Ryanair has reported a surge in fares – as a record number of passengers flew with the airline over the summer.

Compared to a year ago, the average fare rose by 24% to €58 (£50.27), Ryanair reported in its results for the first half of the 2023/24 financial year.

Michael O’Leary, the low-cost airline’s chief executive, said earlier this year fares were unlikely to increase more than 20%, with a rise of between 10% and 15% likely.

Ryanair recorded a total revenue of €8.58bn (£7.43bn) in the six months to the end of September.

At the same time, passenger numbers reached more than 105 million across the half year due to a “strong” Easter and record summer demand.

In the next 10 years, Ryanair – Europe’s largest airline by passenger numbers – aims to grow passenger numbers to 300 million a year.

Before then, latest company forecasts are for record profits by the end of this financial year in March.

Ryanair on Monday said it expects an after-tax profit between €1.85bn (£1.6bn) and €2.05bn (£1.77bn), far above the previous record of €1.45bn (£1.25bn) in 2018.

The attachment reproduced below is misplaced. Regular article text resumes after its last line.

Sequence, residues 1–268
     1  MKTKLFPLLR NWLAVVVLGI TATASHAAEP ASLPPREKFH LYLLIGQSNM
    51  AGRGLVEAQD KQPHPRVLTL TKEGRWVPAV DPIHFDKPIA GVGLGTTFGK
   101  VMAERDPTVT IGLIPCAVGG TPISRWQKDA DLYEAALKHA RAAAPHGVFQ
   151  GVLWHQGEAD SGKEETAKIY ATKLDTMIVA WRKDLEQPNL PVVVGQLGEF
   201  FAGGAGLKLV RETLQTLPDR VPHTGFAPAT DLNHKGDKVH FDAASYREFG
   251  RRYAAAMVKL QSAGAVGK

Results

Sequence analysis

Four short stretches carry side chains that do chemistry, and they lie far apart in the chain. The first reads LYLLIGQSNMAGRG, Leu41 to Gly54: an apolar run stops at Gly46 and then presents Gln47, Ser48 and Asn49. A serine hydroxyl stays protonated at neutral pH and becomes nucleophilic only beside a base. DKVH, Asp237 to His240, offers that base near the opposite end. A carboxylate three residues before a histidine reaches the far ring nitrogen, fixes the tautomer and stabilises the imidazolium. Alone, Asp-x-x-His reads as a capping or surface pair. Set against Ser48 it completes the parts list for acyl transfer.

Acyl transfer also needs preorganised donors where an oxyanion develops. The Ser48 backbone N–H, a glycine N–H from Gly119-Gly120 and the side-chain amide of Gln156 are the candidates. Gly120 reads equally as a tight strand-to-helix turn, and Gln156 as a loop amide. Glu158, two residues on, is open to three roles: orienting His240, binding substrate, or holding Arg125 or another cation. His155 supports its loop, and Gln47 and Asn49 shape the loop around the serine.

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Moment Ryanair chief executive is hit with cake

Profits after tax are already 59% up on the same period a year ago, at €2.18bn (£1.88bn) for the six months up to September.

As a result, for the first time ever Ryanair is paying dividends to its shareholders. Investors are in line to receive €0.35 (£0.30) per share, part of an overall pay out of €400m (£346.6m) to be issued in February and September next year.

Despite the rude financial health of the Irish-based airline, concern was expressed at the delivery of key aircraft and broader economic conditions.

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Ryanair had confirmed a deal for 300 new planes with Boeing, which it said was a record US order by an Irish company.

But the company said it was concerned that up to 10 of 57 deliveries before summer next year may be delayed until the following winter.

The Boeing deal involved an initial order of 150 of the 737 MAX 10 aircraft, with an option for a further 150 for delivery between 2027 to 2033.

The broader economic environment of high inflation and interest rates was reflected in Ryanair identifying the “risk of weaker consumer” spending over the coming months.


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